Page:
And currently she did pay attention. Which wasn't hard anyway, as there was absolutely zero distraction in this cabin. They stayed an awful long time in hyperspace, but finally she felt that change. They were about to leave hyperspace.

Now every moment counted. Alice's right hand hovered at the open button, while her left hand rested on the door. At the very moment they left hyperspace, she pressed the button and immediately tried to move the door. And indeed, the door slided to the side. At that moment, the normal operation of the electronics set in again, and a blaring alarm was emitted by the door. Alice started to run and looked for a place to hide.

She noticed an open door to her left. As she entered, she saw that it was the freight room. All the machines that had been on her ship now were standing here, although not quite as orderly as they had been on her ship.

She noticed that on one machine, the cover was open. And below the cover, there was a cavern, large enough for her to hide in if she removed some of the stuff that was there. This would destroy the machine in question, but who cared at this point. And the parts she removed could be idden in some of the other machines.

She put the cover on that machine back. She didn't want the pirates to get the same idea, after all. Thenn she selected one of the machines not immediately visible from the door, and started to empty its cavity. It took her not too long to prepare the machine so she could hide in there. Just as she slipped in, she heard the pirates approaching, searching for her.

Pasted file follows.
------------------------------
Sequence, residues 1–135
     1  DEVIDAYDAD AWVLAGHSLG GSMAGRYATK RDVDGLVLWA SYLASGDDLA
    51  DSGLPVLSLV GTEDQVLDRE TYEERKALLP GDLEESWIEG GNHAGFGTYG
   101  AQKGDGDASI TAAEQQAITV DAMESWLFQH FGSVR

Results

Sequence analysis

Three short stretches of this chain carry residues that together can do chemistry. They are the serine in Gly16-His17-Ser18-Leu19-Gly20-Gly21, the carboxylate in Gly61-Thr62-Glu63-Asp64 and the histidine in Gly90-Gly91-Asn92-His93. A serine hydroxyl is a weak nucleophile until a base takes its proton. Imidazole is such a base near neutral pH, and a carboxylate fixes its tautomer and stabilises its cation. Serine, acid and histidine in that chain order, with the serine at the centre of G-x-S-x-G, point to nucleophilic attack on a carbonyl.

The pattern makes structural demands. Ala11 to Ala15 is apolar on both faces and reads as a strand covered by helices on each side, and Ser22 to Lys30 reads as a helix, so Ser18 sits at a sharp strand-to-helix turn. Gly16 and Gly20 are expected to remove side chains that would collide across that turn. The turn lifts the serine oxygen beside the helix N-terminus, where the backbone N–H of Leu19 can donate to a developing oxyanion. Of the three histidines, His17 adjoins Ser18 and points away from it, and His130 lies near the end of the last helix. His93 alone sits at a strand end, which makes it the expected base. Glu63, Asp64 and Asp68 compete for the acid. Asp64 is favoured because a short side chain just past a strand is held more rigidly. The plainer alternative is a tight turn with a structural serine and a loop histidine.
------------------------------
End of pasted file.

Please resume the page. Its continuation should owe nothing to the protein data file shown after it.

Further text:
"I really did lock the door" complained the one.

"I don't want to repeat myself again, but you still didn't tell me how she could then escape."

"Because I have no idea how. It should be impossible. It must have been a malfunction."

"Enough from your excuses. You're now searching the freight room, while I look in the machine room."

Alice heard one of the pirates enter the room and systematically walking by all the machines. She held her breath as he approached the machine she was in. From the noise, she concluded that he was looking from all sides, but fortunately it never occurred to him to look under the cover.

Finally, the pirate left the freight room without finding her. She was relieved. For now she was safe.

After a while without hearing anything, she dared to leave her hiding place. She was thirsty, and also had some other urgent needs. Carefully she walked along the corridors, seeking a toilet room while watching out for the pirates. Finally she found what she searched for.